However, the coach I was summoned from study hall to meet that day in 1953 was different. He was not a head coach, and his team was a long way from a number-one ranking. The U.S. Military Academy at West Point (Army), where he was an assistant, had Columbia and Penn on its football schedule, and its team was not the powerhouse it had been in the forties.
But the coach I met that day was different in more important ways. Although he was obviously interested in me, he made no easy pledges of future help. Nor did he sugarcoat what West Point had to offer, or what it required. First and foremost, he told me, you were in the Army, and basic training was your initial obligation. Football would have to come later.
That coach, with thick glasses and black, curly hair, stood out over the years in my memory even though I soon forgot his name. He was the most honest person I met during that recruiting period. I had encountered a man of character, and even the obtuseness of adolescence could not hide that fact from me.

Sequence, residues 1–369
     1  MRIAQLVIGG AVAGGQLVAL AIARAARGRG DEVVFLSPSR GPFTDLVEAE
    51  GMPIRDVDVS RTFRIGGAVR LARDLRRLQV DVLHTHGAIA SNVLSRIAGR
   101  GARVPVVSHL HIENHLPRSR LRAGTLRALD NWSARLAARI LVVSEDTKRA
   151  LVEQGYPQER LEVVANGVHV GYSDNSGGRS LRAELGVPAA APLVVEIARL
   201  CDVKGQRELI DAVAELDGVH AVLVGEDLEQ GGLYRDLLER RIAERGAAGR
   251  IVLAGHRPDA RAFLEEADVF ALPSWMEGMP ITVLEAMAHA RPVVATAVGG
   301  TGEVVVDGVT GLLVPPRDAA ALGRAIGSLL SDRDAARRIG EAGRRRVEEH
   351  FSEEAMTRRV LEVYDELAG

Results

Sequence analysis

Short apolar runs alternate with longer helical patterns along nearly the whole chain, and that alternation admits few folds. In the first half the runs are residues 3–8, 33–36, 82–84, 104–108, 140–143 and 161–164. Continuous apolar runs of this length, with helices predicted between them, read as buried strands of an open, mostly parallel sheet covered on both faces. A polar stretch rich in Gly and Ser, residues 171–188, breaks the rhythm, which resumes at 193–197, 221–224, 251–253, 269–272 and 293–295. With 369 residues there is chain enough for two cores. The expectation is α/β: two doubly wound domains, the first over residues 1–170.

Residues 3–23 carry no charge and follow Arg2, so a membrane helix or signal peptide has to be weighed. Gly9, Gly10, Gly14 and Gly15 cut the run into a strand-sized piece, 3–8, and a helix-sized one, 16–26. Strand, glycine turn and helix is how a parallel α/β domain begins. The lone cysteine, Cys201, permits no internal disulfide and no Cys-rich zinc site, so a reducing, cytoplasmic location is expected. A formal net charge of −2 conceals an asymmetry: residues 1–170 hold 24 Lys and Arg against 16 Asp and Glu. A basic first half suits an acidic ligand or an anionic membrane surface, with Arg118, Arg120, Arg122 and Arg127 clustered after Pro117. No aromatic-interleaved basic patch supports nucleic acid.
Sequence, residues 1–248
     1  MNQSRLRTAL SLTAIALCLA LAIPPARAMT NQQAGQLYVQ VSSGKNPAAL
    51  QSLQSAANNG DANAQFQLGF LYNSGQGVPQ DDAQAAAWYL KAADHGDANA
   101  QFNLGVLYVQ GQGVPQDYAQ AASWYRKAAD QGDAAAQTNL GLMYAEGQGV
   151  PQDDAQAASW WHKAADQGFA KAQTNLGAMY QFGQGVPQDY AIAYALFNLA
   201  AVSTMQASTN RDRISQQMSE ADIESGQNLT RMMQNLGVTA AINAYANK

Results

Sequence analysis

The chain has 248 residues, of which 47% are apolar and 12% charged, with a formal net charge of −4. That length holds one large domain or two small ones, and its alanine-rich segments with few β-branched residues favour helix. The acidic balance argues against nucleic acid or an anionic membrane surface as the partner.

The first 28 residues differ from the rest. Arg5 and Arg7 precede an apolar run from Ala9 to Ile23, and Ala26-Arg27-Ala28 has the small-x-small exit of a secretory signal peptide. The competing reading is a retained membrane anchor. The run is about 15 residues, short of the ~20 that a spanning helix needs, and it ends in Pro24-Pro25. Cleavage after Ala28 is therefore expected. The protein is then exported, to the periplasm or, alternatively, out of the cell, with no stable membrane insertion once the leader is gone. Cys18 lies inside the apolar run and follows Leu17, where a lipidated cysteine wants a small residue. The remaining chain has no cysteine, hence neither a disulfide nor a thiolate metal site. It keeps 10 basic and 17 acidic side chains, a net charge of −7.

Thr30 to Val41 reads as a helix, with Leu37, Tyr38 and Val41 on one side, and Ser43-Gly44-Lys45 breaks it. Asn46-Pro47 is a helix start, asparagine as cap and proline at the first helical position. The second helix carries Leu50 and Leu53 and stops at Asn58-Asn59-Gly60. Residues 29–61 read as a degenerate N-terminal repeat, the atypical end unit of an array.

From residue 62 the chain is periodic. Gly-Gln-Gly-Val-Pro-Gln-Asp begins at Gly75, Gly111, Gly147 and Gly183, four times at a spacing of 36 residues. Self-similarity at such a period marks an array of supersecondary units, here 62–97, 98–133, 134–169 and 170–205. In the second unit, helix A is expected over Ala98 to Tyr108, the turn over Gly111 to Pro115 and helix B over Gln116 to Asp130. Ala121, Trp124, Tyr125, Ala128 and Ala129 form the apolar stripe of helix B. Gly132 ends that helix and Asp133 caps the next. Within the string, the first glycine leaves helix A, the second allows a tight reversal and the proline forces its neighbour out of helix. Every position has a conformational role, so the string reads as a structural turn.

I took almost 30 years for me to realize who it was I had met that day. The revelation came by accident, and in some ways it was disturbing.
While watching a football game on television with my brother-in-law at my mother's house, I told him about a kind letter I had received from the coach at USC when I sought a college transfer back in the fifties. In an effort to produce the letter, I searched a desk containing old correspondence; I never found the USC letter, but I stumbled on one from that Army assistant coach written days after our interview, inviting me to visit West Point.
The signature at the bottom was strong, careful (each letter was legible), and familiar:
Vincent T. Lombardi
Asst. Football Coach